How Small Is Infinitesimal?
Will Lorna be able to handle another baby and complete her doctoral program?
I was about two months pregnant. Chuck was elated and I was deflated (before I started to visibly inflate). Just before Thanksgiving 1988, I was going to San Francisco to a Sociology conference and Chuck made plans to come with me. He wanted to surprise me with a “proper” honeymoon five years after our wedding. One week prior to the trip, I started to “spot”–medical jargon for ruining the few underwear I owned that still had some elastic sass. Baby Doc advised against flying with or without the benefit of an airplane. Honeymoon #2 was cancelled.
We decided spend Thanksgiving with Chuck’s family, a day’s car trip. Sometime between the turkey dinner and the pecan pie, I felt crampy. Too many mashed potatoes, perhaps? I went to the bathroom. Being a female and occupying the bathroom for more than 20 minutes without bath salts and candles sent up all kinds of red flags. Various people tentatively knocked and asked if everything was okay. I imagined a small crowd forming outside the door when I replied, “I’m not sure.” Did I plug the toilet with a ginormous turd? Did I binge and was now purging? Did I read something disparaging about the poor job prospects for sociology Ph.D.s in the Reader’s Digest left in the magazine rack beside the toilet?
Chuck finally ventured into the bathroom. He found me sitting on the toilet, pale, and staring blankly at my chubby thighs. No husband should ever have to see his wife like that. I told him that there was a lot of blood and…a blob. Not one to panic, he assured me that everything was fine. He called Baby Doc. I kept bleeding and panicked enough for both of us. Even though I didn’t want to be pregnant and do the Mommy-thing again, I didn’t want to kill my baby, either. I was such a Catholic—guilty no matter what.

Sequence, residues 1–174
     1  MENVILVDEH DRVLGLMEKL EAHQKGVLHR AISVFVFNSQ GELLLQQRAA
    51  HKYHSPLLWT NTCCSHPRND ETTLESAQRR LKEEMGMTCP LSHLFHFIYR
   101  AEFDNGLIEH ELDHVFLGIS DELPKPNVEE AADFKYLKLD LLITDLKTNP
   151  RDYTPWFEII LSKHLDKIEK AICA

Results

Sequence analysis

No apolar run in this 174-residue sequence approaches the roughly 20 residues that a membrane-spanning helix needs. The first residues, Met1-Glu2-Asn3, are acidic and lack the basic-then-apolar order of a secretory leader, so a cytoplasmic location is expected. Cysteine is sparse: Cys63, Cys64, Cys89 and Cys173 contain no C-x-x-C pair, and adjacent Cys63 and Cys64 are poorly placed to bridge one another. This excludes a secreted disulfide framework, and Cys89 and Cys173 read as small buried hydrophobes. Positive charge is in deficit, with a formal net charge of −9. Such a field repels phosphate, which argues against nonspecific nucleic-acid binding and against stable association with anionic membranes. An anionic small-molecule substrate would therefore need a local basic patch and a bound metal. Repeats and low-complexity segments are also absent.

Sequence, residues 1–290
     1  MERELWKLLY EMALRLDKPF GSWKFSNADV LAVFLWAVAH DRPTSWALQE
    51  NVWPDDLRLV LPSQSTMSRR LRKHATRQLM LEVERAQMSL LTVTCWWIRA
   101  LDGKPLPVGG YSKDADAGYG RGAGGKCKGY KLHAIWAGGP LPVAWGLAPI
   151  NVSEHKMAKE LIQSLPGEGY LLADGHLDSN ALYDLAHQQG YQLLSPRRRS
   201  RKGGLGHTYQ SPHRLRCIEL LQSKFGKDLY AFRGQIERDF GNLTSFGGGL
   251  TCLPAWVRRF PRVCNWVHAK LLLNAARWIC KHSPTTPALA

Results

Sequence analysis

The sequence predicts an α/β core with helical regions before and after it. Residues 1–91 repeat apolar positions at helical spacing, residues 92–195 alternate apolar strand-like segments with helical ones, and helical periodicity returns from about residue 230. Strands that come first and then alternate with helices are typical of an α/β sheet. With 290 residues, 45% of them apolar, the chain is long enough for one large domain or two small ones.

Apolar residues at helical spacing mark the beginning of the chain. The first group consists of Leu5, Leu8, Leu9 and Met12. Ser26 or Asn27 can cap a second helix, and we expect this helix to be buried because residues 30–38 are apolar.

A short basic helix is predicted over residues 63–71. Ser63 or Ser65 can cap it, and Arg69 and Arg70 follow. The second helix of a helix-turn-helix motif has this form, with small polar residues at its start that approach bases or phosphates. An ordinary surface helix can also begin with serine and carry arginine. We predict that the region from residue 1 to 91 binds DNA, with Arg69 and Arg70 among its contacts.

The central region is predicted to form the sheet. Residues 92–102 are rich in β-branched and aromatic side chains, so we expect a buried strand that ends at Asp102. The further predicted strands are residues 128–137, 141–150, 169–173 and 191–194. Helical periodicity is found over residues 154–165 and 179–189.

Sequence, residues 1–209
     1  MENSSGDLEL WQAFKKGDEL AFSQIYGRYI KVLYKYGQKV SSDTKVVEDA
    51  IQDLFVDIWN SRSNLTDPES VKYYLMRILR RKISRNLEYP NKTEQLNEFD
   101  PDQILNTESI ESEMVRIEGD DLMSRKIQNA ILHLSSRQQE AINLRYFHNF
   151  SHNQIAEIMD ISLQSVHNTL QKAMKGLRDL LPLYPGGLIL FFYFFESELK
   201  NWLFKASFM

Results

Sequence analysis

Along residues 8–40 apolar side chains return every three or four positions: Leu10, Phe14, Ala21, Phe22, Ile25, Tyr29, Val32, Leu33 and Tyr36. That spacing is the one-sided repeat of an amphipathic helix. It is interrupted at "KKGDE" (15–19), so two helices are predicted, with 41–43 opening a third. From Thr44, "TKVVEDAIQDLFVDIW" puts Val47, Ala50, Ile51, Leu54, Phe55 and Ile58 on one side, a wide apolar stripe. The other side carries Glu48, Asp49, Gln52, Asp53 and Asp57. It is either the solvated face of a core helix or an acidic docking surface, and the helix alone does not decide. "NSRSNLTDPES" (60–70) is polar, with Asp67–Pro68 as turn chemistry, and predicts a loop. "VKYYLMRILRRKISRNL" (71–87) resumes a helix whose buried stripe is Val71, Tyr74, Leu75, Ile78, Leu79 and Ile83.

Baby Doc confirmed I had miscarried. Chuck was crest-fallen and I pretended to be, but was okay with it. The
blob fetus was so small; it was infinitesimal compared to a regulation baby so I wasn’t emotionally attached. Baby doc ran a hormone test just to be sure; it indicated I was still pregnant. Huh? Another test. Same result. A sonogram. Baby #2 was actually twins. One aborted naturally and one was lodged in my right Fallopian Tube, requiring emergency surgery before something exploded. Emergency surgery it was. The alternative—my parts exploding—I considered only briefly, thinking that twins would stalk me and I would become a baby machine.
I had seven miscarriages during the sex-for-reproduction years of our marriage. Unlike many actors on daytime TV dramas, I never reacted with grief-induced illnesses and months of commercially-interrupted catastrophizing about my miscarriages (no disrespect intended to those parents who genuinely suffer the loss of a pregnancy, no matter how early). I felt each miscarriage was evidence of someone “upstairs” keeping the world safe from an unmotherly mother.
I dubbed Alex the miracle child. My body had only one child-birth experience in it. I’m glad I had only one child. If those twins had “taken,” I might very well be sitting in a sanitarium, heavily medicated, and receiving visitors every other Sunday.
- I had a dissertation to write and defend.
- I was working full-time as a researcher for the nursing home.
- Alex reached his “Terrible Twos” about 6 months early and planned on extending it.
- I was recovering from emergency surgery and dealing with all kinds of conflicting emotions—mine, Chuck’s, mine and Chuck’s. The only way to cope was living on auto-pilot: deal with the day-to-day stuff and stuff the weighty stuff away.
Also happening was:
- My dog died.
- I picked up the linguistic tic “y’all,” convincing myself I was a character in my own Country-Western song. This theme will return later in the story.
- We decided to move back “home.” This meant completing my dissertation long-distance. The chances of completing a doctorate are small to begin with. Layer on raising a child, moving away from my scholarly support network, nesting a new home, and starting a new job; my chances became infinitesimal.